I typically speak with ten to fifteen people a month who are seeking assistance with CARF accreditation.  The majority of the conversations are spent assisting individuals with defining their organization’s needs and determining what type of assistance they are seeking.  On more occasions than not, inquires about my qualifications (knowledge, education, and experience) are not initiated by the interested party, yet they are willing to begin the consultation process. The majority of these folks tend to be in pressured situations, such as a state accreditation mandate threatening the existence of their business, and seem willing to move forward without doing their due diligence. In the interest of assisting those of you who are seeking assistance with CARF accreditation, the following is a list of factors that a consumer of such services should consider when making a decision about hiring a consultant, and/or purchasing accreditation resources and materials.

  • Are they now, or have they been a CARF surveyor? There are CARF consultants who have not been surveyors that provide appropriate services. More common are non-surveyor consultants who enter the business to take advantage of a state mandate, as there is opportunity for a financial windfall in such situations. It is typical that such entities utilize the pressure felt by the mandated organization to “leverage” their sales with interested parties, which often result in the delivery of sub-standard services and products. On many occasions, I have been hired to move an organization forward after they have spent tens of thousands of dollars on goods and services that did not provide them with the means to meet their accreditation needs. My bottom line criteria in this area: Although there are no guarantees, it is probably a safer bet if your consultant is a CARF surveyor and/or has at least five years of past experience surveying organizations. If you are purchasing documents, resources, and/or materials from an organization, the same applies.
  • How have their supportive documents, tools, and resources been developed? It is amazing how many folks in this business are selling goods to assist with obtaining accreditation that have been obtained from outside sources (begged, borrowed, or stolen), and have not been developed through experience in the field, education about the process, and a knowledge of the accreditation standards. Very few consumers of accreditation consultation services realize that their use of materials provided by many consultants can expose them to financial loss due to copyright violations. My bottom line criteria in this area: Make sure your consultant has authored the materials provided, that a detailed copyright user’s agreement is part of any contract you sign prior to payment for services, and that all materials received contain a copyright/ownership notice. Anything outside of these parameters, such as the consultant having permission to use materials they have not authored, should be detailed in the contract.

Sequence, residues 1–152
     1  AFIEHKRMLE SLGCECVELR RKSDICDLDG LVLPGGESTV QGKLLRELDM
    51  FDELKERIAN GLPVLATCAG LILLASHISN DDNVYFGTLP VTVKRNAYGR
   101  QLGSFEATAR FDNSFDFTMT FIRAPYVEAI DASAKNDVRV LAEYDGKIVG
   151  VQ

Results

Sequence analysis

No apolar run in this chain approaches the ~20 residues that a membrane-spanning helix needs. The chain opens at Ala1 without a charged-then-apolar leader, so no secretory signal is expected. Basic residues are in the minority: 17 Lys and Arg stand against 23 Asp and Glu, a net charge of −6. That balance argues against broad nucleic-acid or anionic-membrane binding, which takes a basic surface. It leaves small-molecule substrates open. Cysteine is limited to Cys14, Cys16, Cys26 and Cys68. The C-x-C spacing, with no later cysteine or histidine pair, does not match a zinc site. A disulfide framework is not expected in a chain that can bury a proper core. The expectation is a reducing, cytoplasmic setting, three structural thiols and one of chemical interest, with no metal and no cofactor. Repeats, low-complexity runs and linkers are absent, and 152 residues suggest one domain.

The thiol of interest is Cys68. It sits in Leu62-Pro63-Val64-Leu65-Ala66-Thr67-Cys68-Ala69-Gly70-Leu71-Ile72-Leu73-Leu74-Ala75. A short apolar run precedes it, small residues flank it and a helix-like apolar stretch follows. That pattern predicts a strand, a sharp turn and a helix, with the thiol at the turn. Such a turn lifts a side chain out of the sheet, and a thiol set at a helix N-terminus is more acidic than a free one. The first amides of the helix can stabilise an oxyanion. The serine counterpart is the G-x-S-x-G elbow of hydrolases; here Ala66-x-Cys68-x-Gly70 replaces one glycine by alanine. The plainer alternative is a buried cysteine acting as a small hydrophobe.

• Is the focus of services the sale and delivery of policies, procedures, forms, tools, and resources? “CARF in a Box” rarely works over the long-term if not combined with an organization’s participation in an internal process involving integration of the standards of accreditation within its day-to-day operational functions and structure. My bottom line criteria in this area: Don’t even consider purchasing documents “to meet the CARF standards” from a consultant or business without: (1) A clear understanding of the difference between the content (documents) and the process (the standards of accreditation embedded within the organizational culture and operations); (2) Establishing a relationship with the seller that ensures some level of mentoring, coaching, education, and training is available and can be delivered competently by the vendor of the products, if needed.